Responding to the health needs of trafficked people: A qualitative study of professionals in England and Scotland
AuthorWilliamson, V; Borschmann, R; Zimmerman, C; Howard, LM; Stanley, N; Oram, S
Source TitleHealth and Social Care in the Community
University of Melbourne Author/sBorschmann, Rohan
AffiliationMelbourne School of Population and Global Health
Document TypeJournal Article
CitationsWilliamson, V., Borschmann, R., Zimmerman, C., Howard, L. M., Stanley, N. & Oram, S. (2020). Responding to the health needs of trafficked people: A qualitative study of professionals in England and Scotland. HEALTH & SOCIAL CARE IN THE COMMUNITY, 28 (1), pp.173-181. https://doi.org/10.1111/hsc.12851.
Access StatusAccess this item via the Open Access location
Open Access URLAccepted version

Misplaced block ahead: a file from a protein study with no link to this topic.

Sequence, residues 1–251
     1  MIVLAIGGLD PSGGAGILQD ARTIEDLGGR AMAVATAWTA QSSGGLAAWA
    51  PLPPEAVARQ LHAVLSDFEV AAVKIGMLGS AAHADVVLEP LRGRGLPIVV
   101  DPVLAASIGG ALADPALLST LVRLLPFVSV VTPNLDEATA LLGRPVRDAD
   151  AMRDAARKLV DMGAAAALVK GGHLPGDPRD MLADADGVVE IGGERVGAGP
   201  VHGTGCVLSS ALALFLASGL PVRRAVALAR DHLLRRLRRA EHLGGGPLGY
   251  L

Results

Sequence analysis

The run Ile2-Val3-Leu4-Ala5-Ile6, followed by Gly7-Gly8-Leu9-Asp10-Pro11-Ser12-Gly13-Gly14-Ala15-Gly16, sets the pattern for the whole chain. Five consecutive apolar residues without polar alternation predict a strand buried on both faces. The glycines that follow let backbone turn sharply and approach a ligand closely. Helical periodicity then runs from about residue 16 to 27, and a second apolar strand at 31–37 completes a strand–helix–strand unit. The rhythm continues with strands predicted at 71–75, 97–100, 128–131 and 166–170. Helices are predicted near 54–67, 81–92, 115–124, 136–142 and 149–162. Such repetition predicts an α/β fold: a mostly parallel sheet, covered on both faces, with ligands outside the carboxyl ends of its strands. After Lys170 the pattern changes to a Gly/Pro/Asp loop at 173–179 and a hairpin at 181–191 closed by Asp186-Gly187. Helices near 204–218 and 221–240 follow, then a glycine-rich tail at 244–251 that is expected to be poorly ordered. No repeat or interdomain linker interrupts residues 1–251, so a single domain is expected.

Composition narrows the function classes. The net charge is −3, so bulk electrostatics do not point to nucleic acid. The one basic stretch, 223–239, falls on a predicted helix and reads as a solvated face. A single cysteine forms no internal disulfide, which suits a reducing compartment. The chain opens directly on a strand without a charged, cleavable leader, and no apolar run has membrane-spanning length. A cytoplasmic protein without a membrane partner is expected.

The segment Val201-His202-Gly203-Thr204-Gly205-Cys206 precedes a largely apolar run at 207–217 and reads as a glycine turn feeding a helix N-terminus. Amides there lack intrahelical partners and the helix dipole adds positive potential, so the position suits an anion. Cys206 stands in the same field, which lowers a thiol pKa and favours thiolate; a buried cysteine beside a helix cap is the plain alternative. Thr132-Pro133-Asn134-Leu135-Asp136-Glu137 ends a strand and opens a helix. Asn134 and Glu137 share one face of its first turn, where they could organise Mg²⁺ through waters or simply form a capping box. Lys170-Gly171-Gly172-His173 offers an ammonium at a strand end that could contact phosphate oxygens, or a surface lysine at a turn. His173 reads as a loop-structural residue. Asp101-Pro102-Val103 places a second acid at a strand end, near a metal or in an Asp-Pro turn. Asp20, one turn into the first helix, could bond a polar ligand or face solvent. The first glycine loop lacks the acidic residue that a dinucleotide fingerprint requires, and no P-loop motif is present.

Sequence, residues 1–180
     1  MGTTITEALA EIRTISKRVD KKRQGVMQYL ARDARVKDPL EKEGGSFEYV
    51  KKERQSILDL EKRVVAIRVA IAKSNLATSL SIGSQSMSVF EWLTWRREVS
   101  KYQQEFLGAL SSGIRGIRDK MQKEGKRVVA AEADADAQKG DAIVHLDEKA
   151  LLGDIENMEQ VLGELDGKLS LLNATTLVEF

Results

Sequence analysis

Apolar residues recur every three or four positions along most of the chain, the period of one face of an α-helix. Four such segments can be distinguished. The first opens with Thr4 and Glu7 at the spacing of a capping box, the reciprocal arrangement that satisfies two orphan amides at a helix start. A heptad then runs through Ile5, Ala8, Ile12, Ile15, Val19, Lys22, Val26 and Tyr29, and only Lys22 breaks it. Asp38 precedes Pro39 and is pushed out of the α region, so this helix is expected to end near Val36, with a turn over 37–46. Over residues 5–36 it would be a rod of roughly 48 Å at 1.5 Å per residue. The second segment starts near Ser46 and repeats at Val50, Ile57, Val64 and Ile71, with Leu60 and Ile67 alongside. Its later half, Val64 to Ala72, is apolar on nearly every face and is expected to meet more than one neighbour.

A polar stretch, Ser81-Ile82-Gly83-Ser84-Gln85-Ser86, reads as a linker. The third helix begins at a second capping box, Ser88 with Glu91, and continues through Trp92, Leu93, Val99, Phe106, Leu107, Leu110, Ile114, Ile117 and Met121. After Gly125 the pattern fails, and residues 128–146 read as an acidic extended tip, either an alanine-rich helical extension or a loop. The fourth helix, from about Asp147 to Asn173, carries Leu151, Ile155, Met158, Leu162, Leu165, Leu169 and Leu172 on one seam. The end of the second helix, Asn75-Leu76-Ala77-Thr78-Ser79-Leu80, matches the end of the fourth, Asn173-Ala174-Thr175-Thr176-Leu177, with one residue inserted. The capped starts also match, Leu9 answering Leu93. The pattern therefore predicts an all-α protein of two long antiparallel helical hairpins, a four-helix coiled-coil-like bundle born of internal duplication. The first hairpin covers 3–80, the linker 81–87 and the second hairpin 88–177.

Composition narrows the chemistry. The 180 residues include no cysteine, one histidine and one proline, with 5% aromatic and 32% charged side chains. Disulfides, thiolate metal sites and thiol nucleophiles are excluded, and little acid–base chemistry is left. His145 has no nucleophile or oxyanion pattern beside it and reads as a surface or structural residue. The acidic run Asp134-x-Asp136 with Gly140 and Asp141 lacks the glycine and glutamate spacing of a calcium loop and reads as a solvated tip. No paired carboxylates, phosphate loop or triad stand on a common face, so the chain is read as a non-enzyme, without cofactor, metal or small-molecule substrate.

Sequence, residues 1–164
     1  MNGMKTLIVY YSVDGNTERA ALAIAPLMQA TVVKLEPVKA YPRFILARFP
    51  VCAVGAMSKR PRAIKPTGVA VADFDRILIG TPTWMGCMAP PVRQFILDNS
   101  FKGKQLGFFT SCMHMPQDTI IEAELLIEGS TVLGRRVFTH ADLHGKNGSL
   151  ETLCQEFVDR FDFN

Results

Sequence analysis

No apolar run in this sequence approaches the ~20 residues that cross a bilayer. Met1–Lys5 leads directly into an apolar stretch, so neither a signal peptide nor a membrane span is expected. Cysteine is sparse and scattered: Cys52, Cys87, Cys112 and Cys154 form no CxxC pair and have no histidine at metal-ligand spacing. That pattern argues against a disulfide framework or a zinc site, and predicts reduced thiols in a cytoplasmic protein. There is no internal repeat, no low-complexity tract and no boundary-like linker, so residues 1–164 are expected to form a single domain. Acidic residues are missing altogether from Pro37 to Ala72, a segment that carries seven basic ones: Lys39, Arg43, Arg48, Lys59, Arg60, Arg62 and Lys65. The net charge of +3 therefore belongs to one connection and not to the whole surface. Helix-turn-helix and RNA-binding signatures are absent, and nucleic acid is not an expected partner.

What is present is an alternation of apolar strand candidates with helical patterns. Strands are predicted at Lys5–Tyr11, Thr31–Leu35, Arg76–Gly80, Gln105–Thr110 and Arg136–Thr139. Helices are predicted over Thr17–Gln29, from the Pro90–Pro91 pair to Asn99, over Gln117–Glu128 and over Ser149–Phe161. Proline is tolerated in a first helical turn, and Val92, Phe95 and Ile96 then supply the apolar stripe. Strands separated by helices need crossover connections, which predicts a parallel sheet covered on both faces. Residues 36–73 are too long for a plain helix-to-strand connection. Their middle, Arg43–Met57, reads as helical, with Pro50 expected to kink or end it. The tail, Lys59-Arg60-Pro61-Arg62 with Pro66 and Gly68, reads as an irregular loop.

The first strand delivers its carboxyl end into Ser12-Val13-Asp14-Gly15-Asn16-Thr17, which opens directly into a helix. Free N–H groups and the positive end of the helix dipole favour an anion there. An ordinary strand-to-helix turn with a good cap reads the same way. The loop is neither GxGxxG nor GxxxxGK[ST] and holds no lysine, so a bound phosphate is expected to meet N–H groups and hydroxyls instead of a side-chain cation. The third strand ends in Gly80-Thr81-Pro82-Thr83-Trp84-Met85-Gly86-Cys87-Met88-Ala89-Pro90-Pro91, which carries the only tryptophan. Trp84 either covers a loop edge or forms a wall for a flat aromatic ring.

Trafficked people require timely and ongoing access to healthcare services. Yet, many encounter difficulties accessing and utilising healthcare services, both while in situations of exploitation and after their escape. This research investigated barriers that hinder healthcare providers from identifying, providing care and making necessary referrals for trafficked people in the United Kingdom (UK). Semi-structured, face-to-face interviews were conducted with healthcare (n = 23) and non-health (n = 27) professionals with relevant policy or practical experience related to human trafficking in the UK. Topic guides covered identifying, referring and providing care to trafficked people. Transcripts were analysed using thematic analysis. Four interconnected themes emerged: trafficked persons' entitlements to healthcare, availability of healthcare resources, providers' knowledge about trafficking, and the particular needs of trafficked individuals. Providers explained that policies limiting entitlements to healthcare created significant obstacles to care, as did the inadequate resourcing of interpreter services, trafficking support services, and specialist mental health services. Few healthcare professionals reported having received training on responses to trafficked people and most were unaware of support options and referral routes. Healthcare professionals will be better equipped to serve trafficked individuals if they are provided training to identify and respond to human trafficking, guidance on referral and support options and entitlements to care. Simultaneously, improving trafficked people's healthcare access and use will also require government interventions to ensure they are not unjustifiably denied healthcare.
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